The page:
Maidana was now an official member of the Golden Boy stable. (In the summer of 2010, a proposed fight with Tim Bradley – a wonderful clash of styles – fell through over some management/promotional issues.)  He was next given the assignment of Erik Morales, the former featherweight warrior who had only recently returned to boxing after a lengthy retirement.  The fight was seen as a mismatch and several prominent boxing figures objected to the matchup on the grounds of Morales' health and safety – truly a sign of respect for Maidana's abilities.  

The Maidana-Morales fight did not play to the script, with the old legend having his best moments in the ring in many years.  Both fighters landed vicious bombs and Morales' granite chin enabled him to absorb shots that would have stopped lesser fighters.  Maidana won a majority decision.  Judge Richard Houck was too kind in scoring the fight a draw.  The other two correctly gave Maidana eight rounds of the fight.  

After the Morales fight, there was full-blown revisionism regarding Maidana, with many calling him "overrated" or "exposed."  What was left unsaid is that Morales hand-picked Maidana as an opponent.  Morales knew that his chin could withstand Maidana's assault and that the Argentine's lack of defense and movement was tailor-made for him.  Nevertheless, elite junior welterweights aren't supposed to struggle with 34-year-old, ex-featherweights who recently come out of retirement.

Maidana next faces Robert Guerrero in a fascinating matchup pitting a supreme brawler (Maidana) against a top-flight boxer-puncher (Guerrero).  Both fighters have clear pathways to win the fight.  Guerrero is the superior technician and has imposing size.  Maidana will have opportunities for victory in that Guerrero sometimes has concentration lapses in the ring and his chin is not regarded as excellent.  

As Maidana continues to fight the elite in the sport, he faces significant technical disadvantages.  He almost exclusively features only three punches (right hand, left hook and left uppercut).  He has no jab and his defense is atrocious.  Furthermore, Maidana only moves in straight lines and can't fight going backwards.  When he pins his opponents against the ropes, he can smother his left uppercut; he'll often throw it essentially parallel to his body, with no angle towards his opponent.  Maidana's hand speed is average at best and he doesn't necessarily place his punches well.  When attacking his opponents along the ropes, he can resort to volume punching with his left uppercut and left hook, instead of throwing his punches with more impact.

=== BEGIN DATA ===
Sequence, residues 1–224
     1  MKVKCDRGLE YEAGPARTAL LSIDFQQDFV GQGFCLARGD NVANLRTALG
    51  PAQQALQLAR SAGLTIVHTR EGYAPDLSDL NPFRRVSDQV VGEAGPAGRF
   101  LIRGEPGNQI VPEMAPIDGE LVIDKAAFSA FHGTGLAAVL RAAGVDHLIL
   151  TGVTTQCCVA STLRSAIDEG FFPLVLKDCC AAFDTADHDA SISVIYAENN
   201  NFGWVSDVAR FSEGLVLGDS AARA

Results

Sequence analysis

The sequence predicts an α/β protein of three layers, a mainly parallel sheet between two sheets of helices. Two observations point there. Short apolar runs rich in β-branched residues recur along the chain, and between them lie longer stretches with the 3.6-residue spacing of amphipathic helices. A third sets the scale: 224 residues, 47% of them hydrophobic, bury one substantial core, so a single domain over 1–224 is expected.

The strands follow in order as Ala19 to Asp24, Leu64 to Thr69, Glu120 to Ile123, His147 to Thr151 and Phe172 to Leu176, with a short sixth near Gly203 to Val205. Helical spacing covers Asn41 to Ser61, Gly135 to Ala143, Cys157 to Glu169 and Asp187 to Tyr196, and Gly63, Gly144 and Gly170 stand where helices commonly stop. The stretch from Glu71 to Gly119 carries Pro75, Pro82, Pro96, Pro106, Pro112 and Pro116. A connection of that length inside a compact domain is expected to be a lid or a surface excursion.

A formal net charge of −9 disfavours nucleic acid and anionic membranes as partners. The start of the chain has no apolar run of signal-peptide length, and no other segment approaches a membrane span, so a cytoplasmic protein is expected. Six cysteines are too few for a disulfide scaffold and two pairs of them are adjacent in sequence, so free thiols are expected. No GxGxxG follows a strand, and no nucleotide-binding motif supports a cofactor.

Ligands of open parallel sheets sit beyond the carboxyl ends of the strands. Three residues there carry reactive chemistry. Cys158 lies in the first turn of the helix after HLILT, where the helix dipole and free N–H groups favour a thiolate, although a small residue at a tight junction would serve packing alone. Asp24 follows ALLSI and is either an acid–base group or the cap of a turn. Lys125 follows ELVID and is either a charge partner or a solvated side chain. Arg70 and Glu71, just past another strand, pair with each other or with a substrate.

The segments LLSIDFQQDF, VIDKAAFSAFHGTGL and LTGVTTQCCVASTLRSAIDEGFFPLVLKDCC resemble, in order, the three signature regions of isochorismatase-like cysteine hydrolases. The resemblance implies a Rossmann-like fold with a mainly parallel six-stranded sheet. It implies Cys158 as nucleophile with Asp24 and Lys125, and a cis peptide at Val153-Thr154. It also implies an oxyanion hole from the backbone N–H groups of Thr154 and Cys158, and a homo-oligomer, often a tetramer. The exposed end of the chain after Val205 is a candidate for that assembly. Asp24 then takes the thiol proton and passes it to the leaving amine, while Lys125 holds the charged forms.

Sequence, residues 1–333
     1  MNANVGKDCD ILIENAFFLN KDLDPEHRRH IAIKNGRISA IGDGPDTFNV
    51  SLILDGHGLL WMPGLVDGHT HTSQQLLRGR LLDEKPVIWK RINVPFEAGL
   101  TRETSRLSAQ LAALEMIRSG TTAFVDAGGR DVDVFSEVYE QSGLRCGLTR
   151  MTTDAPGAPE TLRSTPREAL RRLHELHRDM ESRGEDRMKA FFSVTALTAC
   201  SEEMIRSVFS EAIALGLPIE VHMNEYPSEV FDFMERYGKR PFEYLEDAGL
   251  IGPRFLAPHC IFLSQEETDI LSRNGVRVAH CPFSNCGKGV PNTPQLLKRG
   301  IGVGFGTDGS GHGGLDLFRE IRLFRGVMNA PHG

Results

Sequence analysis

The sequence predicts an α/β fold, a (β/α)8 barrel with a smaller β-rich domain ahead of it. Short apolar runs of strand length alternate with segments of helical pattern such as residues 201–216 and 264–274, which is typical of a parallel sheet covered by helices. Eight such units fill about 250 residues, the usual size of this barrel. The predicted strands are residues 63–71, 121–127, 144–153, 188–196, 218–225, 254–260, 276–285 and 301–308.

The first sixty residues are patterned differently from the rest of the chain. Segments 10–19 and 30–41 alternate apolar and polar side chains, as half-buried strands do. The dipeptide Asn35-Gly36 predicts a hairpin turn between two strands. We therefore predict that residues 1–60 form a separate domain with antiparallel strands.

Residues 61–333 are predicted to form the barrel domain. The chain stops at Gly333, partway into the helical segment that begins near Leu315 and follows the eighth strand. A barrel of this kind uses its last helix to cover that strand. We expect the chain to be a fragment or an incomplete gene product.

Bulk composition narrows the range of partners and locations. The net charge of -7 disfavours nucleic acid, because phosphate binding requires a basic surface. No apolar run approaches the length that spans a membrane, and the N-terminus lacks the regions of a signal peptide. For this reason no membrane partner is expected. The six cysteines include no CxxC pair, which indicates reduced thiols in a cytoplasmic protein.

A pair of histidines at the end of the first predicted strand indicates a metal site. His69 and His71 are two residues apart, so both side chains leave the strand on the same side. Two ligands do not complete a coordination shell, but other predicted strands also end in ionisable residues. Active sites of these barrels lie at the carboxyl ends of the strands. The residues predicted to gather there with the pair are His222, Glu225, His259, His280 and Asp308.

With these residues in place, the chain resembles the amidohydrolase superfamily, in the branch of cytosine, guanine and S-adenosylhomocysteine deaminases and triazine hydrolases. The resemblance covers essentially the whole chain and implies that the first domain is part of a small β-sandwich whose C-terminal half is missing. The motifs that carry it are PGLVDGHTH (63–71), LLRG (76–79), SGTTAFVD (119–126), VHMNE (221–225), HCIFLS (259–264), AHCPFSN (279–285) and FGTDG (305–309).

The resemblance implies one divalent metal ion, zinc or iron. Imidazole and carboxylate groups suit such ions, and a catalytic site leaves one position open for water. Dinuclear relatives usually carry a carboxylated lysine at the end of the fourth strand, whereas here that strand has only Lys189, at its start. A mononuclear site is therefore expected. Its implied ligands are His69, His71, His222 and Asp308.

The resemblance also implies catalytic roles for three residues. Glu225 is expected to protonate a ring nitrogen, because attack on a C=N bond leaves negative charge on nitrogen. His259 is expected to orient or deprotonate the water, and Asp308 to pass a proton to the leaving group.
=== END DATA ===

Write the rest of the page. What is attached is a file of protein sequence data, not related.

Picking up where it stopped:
Physically, Maidana has other hindrances.  Although his heart cannot be questioned, his conditioning can be.  He will take rounds off, especially after rounds where he expends a lot of energy on offense.  Also, he doesn't have a classic boxing body, with a thin frame and comparably little musculature.

But Maidana does have some unassailable gifts.  Even though many of his hooks and right hands look like arm punches, they affect fighters so devastatingly that it's safe to assume that his natural power is immense.  That so many of his shots aren't thrown with proper technique suggest just how real his power is.  Also, he has a real commitment to body punching.  Morales' body was bright red on his right side from Maidana's body assault; a lesser athlete would have folded with that kind of attack.  Additionally, Maidana has tremendous finishing instincts, jumping on fighters when they are hurt, willing to risk his own peril to get his opponents out of the ring. 

Clearly, Maidana is fearless.  He could have quit at multiple points during the Khan and Ortiz fights, yet he pressed on and imparted his destruction.  His heart, tenacity and will are the types of intangibles that you wished 30 more skilled fighters possessed.  

In total, Maidana is a flawed but exciting package.  Unless he scores a quick knockout, his fights are guaranteed to feature gripping give-and-take battles, power connects and guts.  In this current boxing age, where many multi-millionaire fighters seem to forget that boxing is a contact sport, Maidana's relentless offensive style provides a soothing balm for the irritated fan. 

His appearances on television signal that excitement and indelible moments will follow.  Having only fought in the U.S. four times, three of Maidana's fights have been among the best in the sport's recent past.  Those are some incredible percentages. 

It remains to be seen whether he can ascend to the top of the junior welterweight or welterweight division.  However, win or lose, Maidana will make several good paydays before his career is complete.  For an unknown fighter, who was brought in to lose two years ago, Maidana will make millions – and he will have earned every penny.